4. Conclusions

In terms of cellular structure, PEI-GnP foams presented a microcellular closed-cell structure with similar cell sizes and cell densities independently of the amount of GnP.
The X-ray diffraction analysis showed that the combination of ultrasonication, melt-mixing, and sudden expansion using depressurization of scCO2 promoted enhanced dispersion and partial exfoliation of GnP in the foams.
The addition of GnP has shown to have opposed influences on the thermal degradation behaviour of the foams. On the one hand, the char residue resulting from burning increased with incrementing the amount of GnP while, on the other hand, the value of Tmax experienced a minor decrease with augmenting GnP content. These behaviours could relate to both the barrier effect of platelet-like GnP, hindering the escape of volatile gases, and the increase in heat transfer due to the presence of the highly conductive GnP, resulting in a faster degradation.
The dynamic-mechanical-thermal performance of PEI-GnP foams was globally controlled by their relative density, as they displayed increasingly higher specific storage moduli with increasing relative density independently of GnP’s content. Only for similar relative densities the addition of higher GnP amounts led to stiffer foams. Comparatively, PEI-GnP foams prepared by scCO2 dissolution presented much higher storage moduli at lower GnP concentrations than foams containing 2 wt % CNT prepared by WVIPS method [5], explained mainly by their more homogeneous microcellular structure.
The electrical conductivity of foams increased significantly with incrementing GnP’s content, following a tunnel-like conduction mechanism. Foams showed greater values when compared to foams previously prepared using WVIPS method. This increase is believed to be a consequence of the enhanced dispersion of GnP by the combination of ultrasonication, melt-mixing and sudden pressure drop applied during one-step scCO2 foaming, confirmed by X-ray diffraction results. One-step scCO2 foaming could have also promoted increases in the electrical conductivity by decreasing the effective distance between conductive nanoparticles for electrical conduction, as the growth of cells pushed GnP nanoparticles closer to each other within the continuous PEI matrix.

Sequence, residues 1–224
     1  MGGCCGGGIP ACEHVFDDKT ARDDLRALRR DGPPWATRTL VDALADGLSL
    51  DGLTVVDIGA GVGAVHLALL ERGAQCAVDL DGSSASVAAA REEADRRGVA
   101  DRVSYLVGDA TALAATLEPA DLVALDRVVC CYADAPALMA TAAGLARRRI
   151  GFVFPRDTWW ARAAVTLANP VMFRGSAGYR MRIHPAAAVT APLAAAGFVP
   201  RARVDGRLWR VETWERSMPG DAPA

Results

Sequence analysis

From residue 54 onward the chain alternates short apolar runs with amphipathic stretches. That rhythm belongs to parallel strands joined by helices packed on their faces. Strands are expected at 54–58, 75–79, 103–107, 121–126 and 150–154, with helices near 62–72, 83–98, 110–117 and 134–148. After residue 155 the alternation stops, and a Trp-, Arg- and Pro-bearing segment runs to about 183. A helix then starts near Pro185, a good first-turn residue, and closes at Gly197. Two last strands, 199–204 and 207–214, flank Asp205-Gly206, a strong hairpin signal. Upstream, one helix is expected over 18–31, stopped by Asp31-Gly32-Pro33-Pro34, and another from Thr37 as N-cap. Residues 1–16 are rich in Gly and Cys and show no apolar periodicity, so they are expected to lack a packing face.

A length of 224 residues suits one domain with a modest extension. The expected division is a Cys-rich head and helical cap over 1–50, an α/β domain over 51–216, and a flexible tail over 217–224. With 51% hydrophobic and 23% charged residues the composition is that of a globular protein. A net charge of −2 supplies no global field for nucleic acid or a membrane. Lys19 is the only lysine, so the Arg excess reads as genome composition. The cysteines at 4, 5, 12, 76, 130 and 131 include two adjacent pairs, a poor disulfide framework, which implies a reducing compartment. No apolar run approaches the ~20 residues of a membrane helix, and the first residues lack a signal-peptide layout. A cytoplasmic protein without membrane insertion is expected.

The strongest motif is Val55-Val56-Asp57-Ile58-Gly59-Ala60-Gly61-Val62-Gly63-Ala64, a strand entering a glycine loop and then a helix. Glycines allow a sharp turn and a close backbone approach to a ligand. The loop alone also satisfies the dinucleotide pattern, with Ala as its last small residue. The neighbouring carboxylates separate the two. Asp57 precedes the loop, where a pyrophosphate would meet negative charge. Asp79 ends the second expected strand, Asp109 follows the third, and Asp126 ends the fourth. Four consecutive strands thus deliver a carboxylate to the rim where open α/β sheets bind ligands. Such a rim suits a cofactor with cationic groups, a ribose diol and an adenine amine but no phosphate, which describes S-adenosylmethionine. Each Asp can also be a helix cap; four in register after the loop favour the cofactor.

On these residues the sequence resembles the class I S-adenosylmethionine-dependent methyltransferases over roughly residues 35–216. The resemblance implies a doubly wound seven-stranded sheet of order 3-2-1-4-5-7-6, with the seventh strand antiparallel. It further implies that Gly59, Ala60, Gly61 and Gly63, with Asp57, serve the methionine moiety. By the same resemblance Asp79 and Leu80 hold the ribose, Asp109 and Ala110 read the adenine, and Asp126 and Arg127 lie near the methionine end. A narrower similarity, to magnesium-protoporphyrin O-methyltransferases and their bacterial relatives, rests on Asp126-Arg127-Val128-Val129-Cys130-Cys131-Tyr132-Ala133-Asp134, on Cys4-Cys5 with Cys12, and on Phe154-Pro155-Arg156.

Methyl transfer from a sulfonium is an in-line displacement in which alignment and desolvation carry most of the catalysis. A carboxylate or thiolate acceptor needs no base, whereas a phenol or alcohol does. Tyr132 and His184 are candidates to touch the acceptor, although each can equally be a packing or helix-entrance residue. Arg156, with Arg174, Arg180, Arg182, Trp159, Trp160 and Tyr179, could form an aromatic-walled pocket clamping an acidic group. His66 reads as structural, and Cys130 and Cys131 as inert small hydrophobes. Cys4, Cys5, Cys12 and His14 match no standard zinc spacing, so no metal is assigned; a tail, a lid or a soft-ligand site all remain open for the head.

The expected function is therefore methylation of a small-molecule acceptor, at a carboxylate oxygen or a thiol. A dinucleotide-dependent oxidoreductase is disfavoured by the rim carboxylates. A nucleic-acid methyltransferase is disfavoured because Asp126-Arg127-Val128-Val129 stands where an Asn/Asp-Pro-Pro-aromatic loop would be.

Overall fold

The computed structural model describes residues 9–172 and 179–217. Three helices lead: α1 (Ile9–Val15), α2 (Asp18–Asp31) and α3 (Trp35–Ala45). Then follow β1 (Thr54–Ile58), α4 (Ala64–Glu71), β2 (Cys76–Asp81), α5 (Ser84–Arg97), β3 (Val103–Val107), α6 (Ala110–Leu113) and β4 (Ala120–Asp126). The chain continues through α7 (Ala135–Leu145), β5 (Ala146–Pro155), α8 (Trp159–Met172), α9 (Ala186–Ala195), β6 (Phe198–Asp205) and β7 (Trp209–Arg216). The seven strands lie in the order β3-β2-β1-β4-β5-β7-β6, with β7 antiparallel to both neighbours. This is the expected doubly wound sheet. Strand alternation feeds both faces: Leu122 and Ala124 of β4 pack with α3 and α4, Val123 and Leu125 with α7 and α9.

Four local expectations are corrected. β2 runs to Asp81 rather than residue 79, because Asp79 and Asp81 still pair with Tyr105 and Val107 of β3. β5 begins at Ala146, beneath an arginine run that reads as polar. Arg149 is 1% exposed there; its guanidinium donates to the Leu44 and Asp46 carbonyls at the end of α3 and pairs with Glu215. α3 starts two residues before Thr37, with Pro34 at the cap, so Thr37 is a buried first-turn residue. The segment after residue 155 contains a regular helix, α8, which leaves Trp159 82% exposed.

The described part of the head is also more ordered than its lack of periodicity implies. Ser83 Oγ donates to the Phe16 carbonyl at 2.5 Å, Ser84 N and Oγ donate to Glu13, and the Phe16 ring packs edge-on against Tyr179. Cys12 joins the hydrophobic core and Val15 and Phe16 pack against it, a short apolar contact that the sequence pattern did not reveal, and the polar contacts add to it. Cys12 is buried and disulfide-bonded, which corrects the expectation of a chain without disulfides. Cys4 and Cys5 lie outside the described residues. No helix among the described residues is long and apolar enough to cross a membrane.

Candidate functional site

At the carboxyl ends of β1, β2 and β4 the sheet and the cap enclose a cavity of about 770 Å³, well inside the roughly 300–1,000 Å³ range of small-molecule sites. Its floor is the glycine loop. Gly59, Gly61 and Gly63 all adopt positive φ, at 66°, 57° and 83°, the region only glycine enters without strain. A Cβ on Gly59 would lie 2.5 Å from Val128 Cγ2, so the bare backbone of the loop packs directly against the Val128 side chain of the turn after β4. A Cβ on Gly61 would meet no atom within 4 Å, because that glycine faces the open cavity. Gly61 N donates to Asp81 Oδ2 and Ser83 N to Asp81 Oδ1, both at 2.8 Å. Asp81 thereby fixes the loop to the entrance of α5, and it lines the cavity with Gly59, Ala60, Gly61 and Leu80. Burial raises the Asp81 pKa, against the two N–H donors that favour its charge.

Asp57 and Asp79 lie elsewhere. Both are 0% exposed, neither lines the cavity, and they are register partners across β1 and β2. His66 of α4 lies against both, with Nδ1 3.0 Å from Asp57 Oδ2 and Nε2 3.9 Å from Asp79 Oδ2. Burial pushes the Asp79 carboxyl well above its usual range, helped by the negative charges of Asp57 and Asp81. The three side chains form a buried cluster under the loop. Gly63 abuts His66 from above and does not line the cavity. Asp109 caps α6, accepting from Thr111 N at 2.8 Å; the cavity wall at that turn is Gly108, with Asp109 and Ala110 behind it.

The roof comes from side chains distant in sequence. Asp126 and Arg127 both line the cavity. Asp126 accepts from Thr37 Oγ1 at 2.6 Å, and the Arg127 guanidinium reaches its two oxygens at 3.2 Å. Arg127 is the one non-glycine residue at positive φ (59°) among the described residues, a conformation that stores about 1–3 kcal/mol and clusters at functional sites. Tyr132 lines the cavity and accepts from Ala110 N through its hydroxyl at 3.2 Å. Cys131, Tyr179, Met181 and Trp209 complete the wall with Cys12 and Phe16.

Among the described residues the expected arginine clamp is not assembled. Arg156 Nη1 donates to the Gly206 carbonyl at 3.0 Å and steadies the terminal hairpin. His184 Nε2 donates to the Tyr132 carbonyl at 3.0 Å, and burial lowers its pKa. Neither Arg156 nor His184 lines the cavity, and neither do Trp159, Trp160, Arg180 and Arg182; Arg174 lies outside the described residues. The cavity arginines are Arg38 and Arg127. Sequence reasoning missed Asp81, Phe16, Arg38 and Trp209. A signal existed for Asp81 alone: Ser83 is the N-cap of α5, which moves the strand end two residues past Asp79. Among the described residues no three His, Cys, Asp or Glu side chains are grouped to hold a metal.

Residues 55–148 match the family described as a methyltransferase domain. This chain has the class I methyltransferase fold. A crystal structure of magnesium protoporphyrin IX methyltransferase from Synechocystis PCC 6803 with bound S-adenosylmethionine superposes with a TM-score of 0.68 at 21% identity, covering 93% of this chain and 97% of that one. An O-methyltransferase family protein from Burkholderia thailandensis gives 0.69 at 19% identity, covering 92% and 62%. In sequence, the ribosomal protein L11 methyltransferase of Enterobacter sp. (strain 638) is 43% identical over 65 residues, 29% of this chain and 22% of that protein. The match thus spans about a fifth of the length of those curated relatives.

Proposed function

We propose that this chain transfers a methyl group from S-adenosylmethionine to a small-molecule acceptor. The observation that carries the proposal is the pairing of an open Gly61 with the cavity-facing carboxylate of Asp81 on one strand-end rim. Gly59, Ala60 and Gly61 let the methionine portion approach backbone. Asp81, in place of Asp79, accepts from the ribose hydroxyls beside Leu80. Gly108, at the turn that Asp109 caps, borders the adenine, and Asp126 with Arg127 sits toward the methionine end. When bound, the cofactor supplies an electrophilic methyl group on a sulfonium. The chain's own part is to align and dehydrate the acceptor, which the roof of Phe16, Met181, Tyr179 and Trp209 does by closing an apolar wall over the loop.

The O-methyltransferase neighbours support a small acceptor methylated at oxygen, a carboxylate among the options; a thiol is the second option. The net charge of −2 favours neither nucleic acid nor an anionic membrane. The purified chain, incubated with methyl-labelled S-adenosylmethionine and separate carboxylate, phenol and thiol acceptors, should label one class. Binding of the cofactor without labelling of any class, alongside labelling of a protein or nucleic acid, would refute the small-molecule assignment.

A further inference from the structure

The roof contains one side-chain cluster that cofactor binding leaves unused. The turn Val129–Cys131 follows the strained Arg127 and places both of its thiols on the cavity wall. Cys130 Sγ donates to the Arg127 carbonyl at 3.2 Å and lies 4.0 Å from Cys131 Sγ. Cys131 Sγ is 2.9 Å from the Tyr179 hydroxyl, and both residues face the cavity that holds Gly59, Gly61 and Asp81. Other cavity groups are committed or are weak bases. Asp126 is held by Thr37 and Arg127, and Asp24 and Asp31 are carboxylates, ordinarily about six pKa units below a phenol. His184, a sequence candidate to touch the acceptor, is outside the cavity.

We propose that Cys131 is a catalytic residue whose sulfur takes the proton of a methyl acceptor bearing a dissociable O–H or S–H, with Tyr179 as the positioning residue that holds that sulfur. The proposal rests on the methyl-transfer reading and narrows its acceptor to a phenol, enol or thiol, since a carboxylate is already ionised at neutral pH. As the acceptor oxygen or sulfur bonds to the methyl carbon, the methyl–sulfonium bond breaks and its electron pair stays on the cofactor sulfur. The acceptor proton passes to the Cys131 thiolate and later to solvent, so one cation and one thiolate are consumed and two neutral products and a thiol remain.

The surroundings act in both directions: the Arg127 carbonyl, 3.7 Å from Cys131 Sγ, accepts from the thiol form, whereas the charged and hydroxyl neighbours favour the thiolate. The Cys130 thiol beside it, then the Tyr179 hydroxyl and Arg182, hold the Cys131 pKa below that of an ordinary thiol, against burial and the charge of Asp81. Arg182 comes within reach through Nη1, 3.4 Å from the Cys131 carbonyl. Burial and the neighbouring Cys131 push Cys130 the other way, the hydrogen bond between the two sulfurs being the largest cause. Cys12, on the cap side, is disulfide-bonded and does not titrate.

The foams prepared and analysed in this work could be used in cutting-edge sectors, such as aerospace or telecommunications, for applications involving ESD or EMI shielding due to their combination of medium-low density and enhanced electrical conductivity.

Author Contributions

Formal analysis: H.A., M.A., and J.I.V.; investigation: H.A., M.A., and J.I.V.; methodology: H.A., and M.A.; writing—original draft: H.A., M.A., and J.I.V.; writing—review and editing: H.A., M.A., and J.I.V.

Funding

Research funded by the Spanish Ministry of Economy, Industry and Competitiveness, Government of Spain (project MAT2017-89787-P).

Conflicts of Interest

The authors declare no conflict of interest.

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Figure 1. Scheme of the one-step scCO2 foaming process.
Figure 1. Scheme of the one-step scCO2 foaming process.
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Figure 2. Digital photographs showing the sample before foaming (foam precursor, left) and after foaming (right).
Figure 2. Digital photographs showing the sample before foaming (foam precursor, left) and after foaming (right).
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Figure 3. SEM micrographs at ×300 magnification illustrating the microcellular structure of (a) pure PEI; (b) 0.4 GnP; (c) 1.0 GnP; and (d) 2.0 GnP foams.
Figure 3. SEM micrographs at ×300 magnification illustrating the microcellular structure of (a) pure PEI; (b) 0.4 GnP; (c) 1.0 GnP; and (d) 2.0 GnP foams.
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Figure 4. X-ray spectra of PEI and PEI-GnP nanocomposite foams illustrating the disappearance or reduction in intensity of GnP’s (002) characteristic diffraction plane.
Figure 4. X-ray spectra of PEI and PEI-GnP nanocomposite foams illustrating the disappearance or reduction in intensity of GnP’s (002) characteristic diffraction plane.
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Figure 5. (a) TGA and (b) dTG thermograms of pure PEI and PEI-GnP nanocomposite foams.
Figure 5. (a) TGA and (b) dTG thermograms of pure PEI and PEI-GnP nanocomposite foams.
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Figure 6. (a) Effect of relative density on the normalized storage modulus of PEI and PEI-GnP nanocomposite foams and (b) enhancement of the specific modulus with increasing GnP content.